“A German woman was convicted Tuesday of membership in the Islamic State group and other offenses for traveling to Syria to join the organization with her young son. She was sentenced to 3 1/2 years in prison. The Duesseldorf state court said Verena M., whose full name wasn’t released in line with German privacy rules, was convicted of membership in a foreign terrorist organization and abduction of a minor, among other charges. The court found that the defendant traveled to Syria in 2015 with her son, then aged 5, without the knowledge of the child’s father. It found that she ran the household and brought up her son in line with IS ideology while her new husband fought for the group, and that the couple had two Kalashnikov rifles. The child was lucky to emerge unscathed from two bombing attacks during their time with IS, judges found. The defendant surrendered to Kurdish forces in 2019. She and her three children — two more were born in Syria — were repatriated to Germany in October last year. The case is one of several in Germany involving women who traveled to IS-held terroritory. Last month, a German who took her young daughter to Syria and allegedly took advantage of an enslaved Yazidi woman was given a sentence of three years and three months.”
“New Zealand recently designated two U.S. far-right groups, the Proud Boys and the Base, as terrorist organizations. This puts them in the same category as groups such as the Islamic State and makes it a crime for any New Zealander to support or join the group. In doing so, New Zealand joins a growing trend of Western governments taking far-right violence more seriously. New Zealand’s actions may seem small, but they overlap other actions that make it harder for far-right groups to operate and fundraise around the globe. What does this designation mean? Terrorist designation, also called proscription, is a policy used by many countries to declare organizations as serious threats to security. The United States, for example, has a list of 68 officially designated foreign terrorist organizations, along with other lists of individual terrorists and related entities. The New Zealand list, like those of other countries, makes it a criminal act to belong or provide support to listed groups, even by donating online. New Zealanders can face up to 14 years in prison for providing funding to a terrorist entity. Why were these groups designated? Countries regularly add and, less frequently, remove groups from their lists as they get more information about threats. My research with Mirna El-Masri into six countries’ terrorist lists found that Islamist groups have been the most likely to be designated in recent decades.”
“When Lukas F. walks onto the site of an abandoned army barracks in the summer of 2021 as part of his training to be a terrorist, he is 16 years old, a slender boy with dark hair. The site is about 45 minutes from the center of Potsdam, a city just southwest of Berlin, Germany. Once it was used by the Wehrmacht, Germany’s regular armed forces during World War II; later by the Soviets. There are lakes close by, popular with swimmers. A roar of thunder echoes across the yard, a fireball flashes. First one bomb goes off, then a second. Lukas F. films the explosions on his mobile phone. Months before, he set up a group for young neo-Nazis from multiple countries who think they are fighting a “race war.” In their online chat, Lukas F. — a pseudonym used to protect his identity as a minor — describes these bombs as a test for the group. Lukas F. is part of a network of young people from all over the world, teenagers who exchange far-right ideas, Nazi propaganda and videos of attacks and, in the process, egg one another on to the point where some of them come to believe they must take up arms against the liberal order. There are dozens of groups like this, linked in an international network stretching from the west coast of the U.S., to Western Europe and the remotest corners of the Baltic states. The groups give themselves martial names, inspired by the propaganda of the National Socialists”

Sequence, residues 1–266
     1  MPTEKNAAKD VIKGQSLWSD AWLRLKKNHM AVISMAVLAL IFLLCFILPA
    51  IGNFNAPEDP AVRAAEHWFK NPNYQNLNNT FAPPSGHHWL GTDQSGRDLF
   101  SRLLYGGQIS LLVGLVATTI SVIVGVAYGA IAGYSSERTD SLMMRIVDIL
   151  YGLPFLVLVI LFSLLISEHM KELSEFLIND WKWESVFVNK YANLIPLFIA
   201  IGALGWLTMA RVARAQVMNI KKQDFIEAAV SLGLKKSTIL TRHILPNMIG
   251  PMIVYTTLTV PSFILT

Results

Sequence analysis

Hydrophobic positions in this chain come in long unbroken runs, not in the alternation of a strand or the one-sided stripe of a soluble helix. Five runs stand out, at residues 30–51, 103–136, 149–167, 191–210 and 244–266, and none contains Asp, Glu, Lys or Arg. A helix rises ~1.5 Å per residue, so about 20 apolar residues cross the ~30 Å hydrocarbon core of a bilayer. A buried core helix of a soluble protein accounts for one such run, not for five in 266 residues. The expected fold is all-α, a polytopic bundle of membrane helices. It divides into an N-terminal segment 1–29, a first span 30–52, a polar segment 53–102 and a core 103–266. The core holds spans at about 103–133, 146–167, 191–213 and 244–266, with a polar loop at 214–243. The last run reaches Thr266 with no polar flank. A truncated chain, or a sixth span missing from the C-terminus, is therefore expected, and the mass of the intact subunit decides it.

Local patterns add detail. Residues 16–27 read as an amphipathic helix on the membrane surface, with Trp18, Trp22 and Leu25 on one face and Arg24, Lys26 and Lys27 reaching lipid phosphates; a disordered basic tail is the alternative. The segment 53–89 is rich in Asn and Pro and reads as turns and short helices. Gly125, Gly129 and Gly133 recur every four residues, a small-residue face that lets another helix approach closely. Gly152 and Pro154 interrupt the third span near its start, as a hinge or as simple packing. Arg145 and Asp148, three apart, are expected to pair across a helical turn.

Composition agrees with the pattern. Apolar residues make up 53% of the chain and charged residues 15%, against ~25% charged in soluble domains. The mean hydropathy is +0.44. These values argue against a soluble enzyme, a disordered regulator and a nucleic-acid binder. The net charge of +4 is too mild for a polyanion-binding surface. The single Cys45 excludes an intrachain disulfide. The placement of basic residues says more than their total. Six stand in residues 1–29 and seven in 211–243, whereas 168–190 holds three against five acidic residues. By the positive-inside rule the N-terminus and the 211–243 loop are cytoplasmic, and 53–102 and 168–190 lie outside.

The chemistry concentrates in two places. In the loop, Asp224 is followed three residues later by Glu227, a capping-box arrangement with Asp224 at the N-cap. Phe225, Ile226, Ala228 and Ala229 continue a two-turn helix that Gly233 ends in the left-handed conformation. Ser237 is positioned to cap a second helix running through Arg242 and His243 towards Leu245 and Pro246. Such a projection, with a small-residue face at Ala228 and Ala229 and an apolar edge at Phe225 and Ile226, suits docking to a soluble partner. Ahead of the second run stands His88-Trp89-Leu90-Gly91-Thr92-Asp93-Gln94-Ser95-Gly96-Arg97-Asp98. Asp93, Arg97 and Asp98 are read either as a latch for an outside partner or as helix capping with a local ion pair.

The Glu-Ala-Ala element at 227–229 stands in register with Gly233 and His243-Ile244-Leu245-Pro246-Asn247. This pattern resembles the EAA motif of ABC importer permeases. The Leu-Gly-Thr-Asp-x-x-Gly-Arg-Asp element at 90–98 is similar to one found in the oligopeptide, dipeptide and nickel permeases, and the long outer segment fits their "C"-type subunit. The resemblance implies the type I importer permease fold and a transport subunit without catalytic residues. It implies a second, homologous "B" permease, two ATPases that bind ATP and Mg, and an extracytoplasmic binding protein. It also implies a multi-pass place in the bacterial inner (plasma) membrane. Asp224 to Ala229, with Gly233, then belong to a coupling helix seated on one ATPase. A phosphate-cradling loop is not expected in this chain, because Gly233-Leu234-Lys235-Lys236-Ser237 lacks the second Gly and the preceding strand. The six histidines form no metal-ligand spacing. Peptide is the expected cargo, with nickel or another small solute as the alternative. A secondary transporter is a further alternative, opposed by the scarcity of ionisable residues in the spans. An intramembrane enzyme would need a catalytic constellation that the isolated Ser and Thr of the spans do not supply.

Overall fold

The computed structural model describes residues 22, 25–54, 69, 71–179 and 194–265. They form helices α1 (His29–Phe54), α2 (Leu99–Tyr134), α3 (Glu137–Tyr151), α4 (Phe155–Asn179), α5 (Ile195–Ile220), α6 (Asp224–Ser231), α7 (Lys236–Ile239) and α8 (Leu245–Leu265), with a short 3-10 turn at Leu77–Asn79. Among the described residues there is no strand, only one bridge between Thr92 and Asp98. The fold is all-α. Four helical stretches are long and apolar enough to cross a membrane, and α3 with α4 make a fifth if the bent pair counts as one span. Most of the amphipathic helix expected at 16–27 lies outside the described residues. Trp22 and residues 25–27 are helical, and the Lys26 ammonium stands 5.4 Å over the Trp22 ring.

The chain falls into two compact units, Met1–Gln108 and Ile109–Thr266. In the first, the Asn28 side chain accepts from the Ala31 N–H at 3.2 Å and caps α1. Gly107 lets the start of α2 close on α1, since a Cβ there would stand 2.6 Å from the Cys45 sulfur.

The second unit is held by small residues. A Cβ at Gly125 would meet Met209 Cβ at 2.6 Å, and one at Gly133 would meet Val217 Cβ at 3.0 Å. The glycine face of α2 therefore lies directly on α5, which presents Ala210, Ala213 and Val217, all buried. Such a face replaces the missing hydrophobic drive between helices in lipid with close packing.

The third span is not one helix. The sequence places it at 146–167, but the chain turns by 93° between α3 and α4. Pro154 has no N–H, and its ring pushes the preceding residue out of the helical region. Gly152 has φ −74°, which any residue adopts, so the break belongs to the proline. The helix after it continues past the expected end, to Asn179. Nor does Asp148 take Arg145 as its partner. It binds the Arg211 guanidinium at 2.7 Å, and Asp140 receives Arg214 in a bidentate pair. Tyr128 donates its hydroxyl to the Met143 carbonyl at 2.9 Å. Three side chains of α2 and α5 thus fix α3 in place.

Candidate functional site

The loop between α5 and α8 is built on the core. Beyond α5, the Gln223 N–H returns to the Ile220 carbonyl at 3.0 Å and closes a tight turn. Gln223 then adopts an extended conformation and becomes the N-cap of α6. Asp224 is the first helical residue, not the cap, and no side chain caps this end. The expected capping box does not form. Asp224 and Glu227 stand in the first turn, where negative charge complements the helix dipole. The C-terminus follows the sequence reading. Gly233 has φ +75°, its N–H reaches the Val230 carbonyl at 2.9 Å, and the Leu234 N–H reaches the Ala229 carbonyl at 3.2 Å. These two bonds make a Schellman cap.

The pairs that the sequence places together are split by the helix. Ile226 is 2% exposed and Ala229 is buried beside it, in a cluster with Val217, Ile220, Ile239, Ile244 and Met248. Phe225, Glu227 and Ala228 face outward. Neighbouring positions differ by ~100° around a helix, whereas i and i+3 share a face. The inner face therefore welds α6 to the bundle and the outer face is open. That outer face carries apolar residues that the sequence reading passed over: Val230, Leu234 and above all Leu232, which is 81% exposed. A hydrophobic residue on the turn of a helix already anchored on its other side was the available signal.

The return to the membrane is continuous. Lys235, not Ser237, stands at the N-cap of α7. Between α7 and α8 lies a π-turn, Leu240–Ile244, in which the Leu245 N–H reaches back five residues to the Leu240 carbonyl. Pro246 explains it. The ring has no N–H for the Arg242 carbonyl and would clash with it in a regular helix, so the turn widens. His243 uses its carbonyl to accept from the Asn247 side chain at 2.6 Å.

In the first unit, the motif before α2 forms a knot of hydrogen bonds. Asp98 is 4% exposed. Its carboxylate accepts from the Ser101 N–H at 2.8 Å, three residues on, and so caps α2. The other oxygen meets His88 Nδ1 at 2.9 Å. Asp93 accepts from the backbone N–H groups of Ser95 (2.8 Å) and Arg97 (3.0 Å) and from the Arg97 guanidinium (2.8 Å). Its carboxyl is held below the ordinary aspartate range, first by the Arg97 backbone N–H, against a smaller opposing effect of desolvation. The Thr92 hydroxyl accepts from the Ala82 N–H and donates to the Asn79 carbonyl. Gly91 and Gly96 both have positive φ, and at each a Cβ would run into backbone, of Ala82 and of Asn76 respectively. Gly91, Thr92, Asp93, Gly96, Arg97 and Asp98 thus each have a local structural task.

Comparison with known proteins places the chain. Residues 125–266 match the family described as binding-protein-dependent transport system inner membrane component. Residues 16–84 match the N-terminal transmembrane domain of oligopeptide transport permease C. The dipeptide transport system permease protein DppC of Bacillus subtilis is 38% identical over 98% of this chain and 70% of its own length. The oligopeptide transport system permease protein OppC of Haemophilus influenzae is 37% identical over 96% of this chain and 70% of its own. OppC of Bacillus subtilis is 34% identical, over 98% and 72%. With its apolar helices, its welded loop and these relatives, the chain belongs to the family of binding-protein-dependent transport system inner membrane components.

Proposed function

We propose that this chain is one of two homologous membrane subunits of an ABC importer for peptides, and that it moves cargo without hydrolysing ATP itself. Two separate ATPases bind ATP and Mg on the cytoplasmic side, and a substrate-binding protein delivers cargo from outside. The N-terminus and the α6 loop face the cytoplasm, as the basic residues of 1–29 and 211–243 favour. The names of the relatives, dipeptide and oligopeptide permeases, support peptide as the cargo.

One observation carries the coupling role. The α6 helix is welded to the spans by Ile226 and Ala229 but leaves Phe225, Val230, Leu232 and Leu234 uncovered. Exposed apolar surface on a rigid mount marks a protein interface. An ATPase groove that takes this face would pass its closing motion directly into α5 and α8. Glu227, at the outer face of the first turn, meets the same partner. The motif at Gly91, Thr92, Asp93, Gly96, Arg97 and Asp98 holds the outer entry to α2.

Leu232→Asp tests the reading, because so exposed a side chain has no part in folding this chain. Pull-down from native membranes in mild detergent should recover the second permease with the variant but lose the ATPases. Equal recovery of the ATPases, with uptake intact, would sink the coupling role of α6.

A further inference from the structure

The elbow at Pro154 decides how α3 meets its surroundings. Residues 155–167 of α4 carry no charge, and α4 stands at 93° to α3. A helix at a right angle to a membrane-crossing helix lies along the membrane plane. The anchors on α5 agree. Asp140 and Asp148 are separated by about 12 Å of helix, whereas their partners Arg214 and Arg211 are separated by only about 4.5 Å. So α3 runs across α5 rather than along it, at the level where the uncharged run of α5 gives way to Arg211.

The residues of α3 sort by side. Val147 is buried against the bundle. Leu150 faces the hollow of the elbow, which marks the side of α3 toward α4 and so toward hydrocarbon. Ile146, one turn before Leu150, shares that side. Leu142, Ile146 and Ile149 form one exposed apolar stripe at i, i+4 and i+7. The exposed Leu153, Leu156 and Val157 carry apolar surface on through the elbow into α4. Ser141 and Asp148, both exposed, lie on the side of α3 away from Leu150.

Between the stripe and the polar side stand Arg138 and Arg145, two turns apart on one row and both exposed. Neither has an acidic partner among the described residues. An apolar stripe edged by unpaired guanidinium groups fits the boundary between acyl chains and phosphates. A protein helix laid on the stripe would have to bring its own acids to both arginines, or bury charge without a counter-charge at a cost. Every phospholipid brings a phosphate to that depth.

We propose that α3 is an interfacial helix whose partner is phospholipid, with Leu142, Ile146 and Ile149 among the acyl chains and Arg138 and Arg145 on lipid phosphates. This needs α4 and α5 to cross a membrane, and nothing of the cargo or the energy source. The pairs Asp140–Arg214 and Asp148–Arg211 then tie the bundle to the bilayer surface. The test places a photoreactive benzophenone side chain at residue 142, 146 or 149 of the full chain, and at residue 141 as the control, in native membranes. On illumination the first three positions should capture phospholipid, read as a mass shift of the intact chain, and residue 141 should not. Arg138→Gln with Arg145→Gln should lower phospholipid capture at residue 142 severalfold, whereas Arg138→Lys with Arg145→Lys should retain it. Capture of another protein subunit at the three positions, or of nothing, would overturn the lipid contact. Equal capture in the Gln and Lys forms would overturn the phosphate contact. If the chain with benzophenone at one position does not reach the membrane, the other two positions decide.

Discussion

“Daniyar was among some 150 Kazakhs featured in an infamous propaganda video that Islamic State (IS) released in 2013 bragging about the foreign recruits who joined the Islamic terrorist group in Syria. Many of the men, women, and children in the video are thought to have since been killed in fighting or by the air raids in former IS-controlled territories in Syria and Iraq. Daniyar -- whose full name won’t be disclosed for privacy reasons -- survived the war and returned to Kazakhstan to face charges of involvement in a terrorist organization and its propaganda. Speaking at a prison in the Qaraghandy region in central Kazakhstan, where he is serving a 10-year sentence, Daniyar told RFE/RL he wants to share his story of grave “mistakes” and his disillusionment with IS so that he can prevent others from falling victim to jihadi recruiters. The 29-year-old Daniyar admits lying to his wife when he took her to Syria in 2013. He also acknowledges getting one month of IS military training but claims he took part in IS military operations “only once.” Growing up in a small, impoverished town in the province of Qaraghandy, Daniyar became interested in Islam, attended mosque, and learned Arabic. In 2013, Daniyar and his friends started watching jihadi videos online.”
Get the latest news on extremism and counter-extremism delivered to your inbox.